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The Zassenhaus formula goes like $$ e^{t(X+Y)}= e^{tX}~ e^{tY} ~e^{-\frac{t^2}{2} [X,Y]} ~ e^{\frac{t^3}{6}(2[Y,[X,Y]]+ [X,[X,Y]] )} ~ e^{\frac{-t^4}{24}([[[X,Y],X],X] + 3[[[X,Y],X],Y] + 3[[[X,Y],Y],Y]) } \cdots, $$ where $X$ and $Y$ are operators may not commute.

Do people know and derive the anti-commutator version of Zassenhaus formula that expresses in terms of anti-commutator $\{X,Y\}$ in a very compact form?

I haven't found it on the literature (yet).

(1) Let us consider Grassmann-parity of $X$ and $Y$ are both even, so that $X$ and $Y$ both contain even number of fermionic operators $f/f^\dagger$, where $$ \{f_i,f_j^\dagger\}=\delta_{ij} $$

(2) What if $X$ or $Y$ contain an odd number of fermionic operators?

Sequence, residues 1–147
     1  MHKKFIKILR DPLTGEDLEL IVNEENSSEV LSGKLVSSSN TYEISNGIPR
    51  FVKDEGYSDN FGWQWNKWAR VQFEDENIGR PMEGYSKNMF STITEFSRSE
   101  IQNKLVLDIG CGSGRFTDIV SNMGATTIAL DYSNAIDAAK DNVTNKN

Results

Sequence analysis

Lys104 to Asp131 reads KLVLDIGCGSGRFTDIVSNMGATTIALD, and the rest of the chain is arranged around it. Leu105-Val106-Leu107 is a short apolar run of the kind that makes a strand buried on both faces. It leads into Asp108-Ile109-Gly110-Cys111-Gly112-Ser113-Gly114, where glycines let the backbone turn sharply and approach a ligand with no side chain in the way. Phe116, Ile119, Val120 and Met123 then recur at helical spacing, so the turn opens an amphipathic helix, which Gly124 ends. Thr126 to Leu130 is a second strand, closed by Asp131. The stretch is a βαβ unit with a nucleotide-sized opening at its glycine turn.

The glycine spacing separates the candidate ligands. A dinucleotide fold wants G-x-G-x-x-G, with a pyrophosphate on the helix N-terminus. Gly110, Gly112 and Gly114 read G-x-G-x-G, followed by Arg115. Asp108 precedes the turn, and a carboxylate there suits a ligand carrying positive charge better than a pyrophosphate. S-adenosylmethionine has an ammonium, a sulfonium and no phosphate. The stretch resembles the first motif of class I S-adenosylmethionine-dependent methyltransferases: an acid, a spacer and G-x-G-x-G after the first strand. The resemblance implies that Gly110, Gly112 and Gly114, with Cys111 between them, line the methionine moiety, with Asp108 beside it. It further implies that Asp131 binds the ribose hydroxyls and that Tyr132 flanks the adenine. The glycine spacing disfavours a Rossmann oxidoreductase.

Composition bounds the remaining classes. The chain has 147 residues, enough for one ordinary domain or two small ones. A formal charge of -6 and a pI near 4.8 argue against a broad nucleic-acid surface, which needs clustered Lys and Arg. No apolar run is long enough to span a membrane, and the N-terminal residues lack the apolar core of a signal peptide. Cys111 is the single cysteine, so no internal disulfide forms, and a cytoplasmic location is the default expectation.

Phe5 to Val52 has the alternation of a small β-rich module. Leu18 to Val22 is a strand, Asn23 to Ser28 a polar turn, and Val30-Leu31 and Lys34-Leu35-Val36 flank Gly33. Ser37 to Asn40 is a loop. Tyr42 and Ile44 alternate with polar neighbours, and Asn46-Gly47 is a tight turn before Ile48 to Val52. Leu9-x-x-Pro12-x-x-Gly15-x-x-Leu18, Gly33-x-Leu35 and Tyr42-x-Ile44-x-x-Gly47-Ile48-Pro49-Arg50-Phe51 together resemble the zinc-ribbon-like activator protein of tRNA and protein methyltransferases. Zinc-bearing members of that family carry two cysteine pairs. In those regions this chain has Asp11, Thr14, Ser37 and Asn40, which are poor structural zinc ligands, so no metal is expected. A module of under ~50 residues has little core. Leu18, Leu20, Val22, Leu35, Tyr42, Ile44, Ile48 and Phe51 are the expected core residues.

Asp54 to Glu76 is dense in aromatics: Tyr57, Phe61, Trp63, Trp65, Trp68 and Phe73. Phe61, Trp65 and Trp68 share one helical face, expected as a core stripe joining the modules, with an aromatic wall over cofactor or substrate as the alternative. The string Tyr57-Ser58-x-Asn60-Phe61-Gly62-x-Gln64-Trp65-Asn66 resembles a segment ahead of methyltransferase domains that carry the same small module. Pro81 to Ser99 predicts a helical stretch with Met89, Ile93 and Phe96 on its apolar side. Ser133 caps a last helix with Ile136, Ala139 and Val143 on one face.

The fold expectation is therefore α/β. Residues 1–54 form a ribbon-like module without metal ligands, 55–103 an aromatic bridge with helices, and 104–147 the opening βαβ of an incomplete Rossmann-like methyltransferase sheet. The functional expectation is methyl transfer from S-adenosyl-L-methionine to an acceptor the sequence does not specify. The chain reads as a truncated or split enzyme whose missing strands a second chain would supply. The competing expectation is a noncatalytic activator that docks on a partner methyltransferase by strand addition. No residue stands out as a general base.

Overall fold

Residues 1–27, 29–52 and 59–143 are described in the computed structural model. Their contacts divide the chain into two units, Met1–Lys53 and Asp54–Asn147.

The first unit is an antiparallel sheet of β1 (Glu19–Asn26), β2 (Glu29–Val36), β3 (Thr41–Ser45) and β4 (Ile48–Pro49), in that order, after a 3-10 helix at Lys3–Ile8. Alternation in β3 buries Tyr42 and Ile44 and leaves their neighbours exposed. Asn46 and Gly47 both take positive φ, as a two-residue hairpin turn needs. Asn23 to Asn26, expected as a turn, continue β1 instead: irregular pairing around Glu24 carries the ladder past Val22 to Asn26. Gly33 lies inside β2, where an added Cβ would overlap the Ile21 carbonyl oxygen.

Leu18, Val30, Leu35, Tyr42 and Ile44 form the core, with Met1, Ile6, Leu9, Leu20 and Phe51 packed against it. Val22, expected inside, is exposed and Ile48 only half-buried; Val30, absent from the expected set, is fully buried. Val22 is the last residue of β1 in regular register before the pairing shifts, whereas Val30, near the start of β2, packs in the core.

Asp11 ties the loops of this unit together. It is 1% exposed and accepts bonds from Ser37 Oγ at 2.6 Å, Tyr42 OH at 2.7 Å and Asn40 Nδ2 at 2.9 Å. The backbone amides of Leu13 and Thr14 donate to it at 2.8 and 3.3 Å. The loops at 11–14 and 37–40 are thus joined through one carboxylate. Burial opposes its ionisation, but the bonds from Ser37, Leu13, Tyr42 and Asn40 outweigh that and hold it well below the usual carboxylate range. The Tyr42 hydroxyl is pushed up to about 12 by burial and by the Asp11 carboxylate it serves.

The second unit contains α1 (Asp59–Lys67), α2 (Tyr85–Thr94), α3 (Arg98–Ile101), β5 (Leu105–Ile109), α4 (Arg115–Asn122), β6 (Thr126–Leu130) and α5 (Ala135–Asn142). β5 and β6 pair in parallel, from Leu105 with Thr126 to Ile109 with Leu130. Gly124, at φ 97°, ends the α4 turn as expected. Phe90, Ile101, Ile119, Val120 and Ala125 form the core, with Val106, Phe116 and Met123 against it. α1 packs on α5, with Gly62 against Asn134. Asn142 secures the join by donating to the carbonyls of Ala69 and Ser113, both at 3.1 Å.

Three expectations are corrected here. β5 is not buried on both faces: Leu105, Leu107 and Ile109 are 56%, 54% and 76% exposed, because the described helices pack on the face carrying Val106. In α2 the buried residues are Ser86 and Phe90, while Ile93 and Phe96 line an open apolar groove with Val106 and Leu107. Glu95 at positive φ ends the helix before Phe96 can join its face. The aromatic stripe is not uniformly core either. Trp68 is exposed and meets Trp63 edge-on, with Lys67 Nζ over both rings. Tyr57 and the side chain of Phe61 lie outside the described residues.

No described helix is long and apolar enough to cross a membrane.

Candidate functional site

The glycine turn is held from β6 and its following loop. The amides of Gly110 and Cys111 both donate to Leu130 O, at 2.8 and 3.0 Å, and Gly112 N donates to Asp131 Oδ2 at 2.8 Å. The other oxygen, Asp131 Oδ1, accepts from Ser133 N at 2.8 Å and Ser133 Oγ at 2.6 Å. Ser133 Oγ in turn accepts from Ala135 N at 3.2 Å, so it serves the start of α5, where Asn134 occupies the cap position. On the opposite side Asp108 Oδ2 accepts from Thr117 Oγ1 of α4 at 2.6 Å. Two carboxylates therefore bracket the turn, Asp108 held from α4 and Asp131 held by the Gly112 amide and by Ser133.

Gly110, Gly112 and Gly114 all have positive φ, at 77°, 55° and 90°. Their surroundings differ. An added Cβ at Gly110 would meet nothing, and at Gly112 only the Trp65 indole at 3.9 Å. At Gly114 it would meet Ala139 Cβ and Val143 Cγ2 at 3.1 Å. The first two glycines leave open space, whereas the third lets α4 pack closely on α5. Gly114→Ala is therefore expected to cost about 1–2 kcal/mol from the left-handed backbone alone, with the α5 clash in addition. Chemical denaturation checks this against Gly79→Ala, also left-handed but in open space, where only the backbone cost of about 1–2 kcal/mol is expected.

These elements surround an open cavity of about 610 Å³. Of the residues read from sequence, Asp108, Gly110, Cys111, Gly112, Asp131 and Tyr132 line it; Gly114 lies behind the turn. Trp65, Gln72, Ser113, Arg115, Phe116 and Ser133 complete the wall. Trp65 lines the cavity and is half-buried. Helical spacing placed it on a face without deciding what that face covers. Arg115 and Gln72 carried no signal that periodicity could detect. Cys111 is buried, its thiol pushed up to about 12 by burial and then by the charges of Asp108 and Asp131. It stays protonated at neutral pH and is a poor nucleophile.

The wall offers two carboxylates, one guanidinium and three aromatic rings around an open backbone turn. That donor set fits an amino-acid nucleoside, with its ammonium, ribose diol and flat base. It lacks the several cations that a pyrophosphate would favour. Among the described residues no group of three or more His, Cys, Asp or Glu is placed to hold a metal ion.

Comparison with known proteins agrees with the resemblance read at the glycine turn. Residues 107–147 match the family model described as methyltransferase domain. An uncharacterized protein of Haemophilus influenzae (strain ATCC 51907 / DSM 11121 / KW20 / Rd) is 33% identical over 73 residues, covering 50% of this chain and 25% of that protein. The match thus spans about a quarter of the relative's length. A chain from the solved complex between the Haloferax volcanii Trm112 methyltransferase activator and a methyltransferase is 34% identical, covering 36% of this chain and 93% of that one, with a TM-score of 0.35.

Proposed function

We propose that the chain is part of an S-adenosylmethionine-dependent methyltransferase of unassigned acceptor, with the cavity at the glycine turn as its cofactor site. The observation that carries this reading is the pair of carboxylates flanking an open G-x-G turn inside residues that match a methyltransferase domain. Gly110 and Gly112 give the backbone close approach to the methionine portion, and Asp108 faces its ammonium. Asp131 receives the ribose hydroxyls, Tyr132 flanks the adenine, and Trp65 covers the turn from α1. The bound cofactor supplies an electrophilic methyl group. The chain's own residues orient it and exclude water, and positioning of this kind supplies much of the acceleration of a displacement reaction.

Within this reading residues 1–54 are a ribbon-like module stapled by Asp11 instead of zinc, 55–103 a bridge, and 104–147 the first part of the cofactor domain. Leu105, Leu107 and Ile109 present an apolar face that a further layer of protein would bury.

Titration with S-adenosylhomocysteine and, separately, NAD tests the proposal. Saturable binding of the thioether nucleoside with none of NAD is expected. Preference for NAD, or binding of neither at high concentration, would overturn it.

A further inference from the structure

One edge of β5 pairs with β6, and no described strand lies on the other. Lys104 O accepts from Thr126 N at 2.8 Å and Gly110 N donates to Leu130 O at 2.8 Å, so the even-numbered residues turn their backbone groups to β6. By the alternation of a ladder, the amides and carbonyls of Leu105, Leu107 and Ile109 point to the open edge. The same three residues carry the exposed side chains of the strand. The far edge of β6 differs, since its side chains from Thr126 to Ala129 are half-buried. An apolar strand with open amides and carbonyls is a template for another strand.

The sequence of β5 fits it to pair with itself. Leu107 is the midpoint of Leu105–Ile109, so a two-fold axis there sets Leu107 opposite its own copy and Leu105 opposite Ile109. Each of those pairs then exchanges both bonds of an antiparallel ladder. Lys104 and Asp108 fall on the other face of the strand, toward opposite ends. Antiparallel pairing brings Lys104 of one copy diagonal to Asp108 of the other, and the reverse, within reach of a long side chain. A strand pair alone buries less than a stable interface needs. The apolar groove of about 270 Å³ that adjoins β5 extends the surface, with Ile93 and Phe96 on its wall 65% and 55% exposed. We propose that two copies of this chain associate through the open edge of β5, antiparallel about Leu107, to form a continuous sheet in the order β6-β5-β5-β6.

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    $\begingroup$ Such an expansion is (in general) impossible. $\endgroup$ – AccidentalFourierTransform Nov 15 '17 at 18:55
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    $\begingroup$ There cannot be any such general formula unless you specify some special properties of $X$ and $Y$. The formula for a commutator exists because it is associated with adjoint action of a group. $\endgroup$ – Prahar Nov 15 '17 at 19:07
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    $\begingroup$ What's the Grassmann-parity of $X$ and $Y$? $\endgroup$ – Qmechanic Nov 15 '17 at 19:07
  • $\begingroup$ Let us consider Grassmann-parity of X and Y are both even. $\endgroup$ – annie heart Nov 15 '17 at 19:20
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    $\begingroup$ $\{f_i,f_j^\dagger\}=\delta_{ij}$ is then not relevant for $\{X,Y\}$. $\endgroup$ – Qmechanic Nov 15 '17 at 19:26

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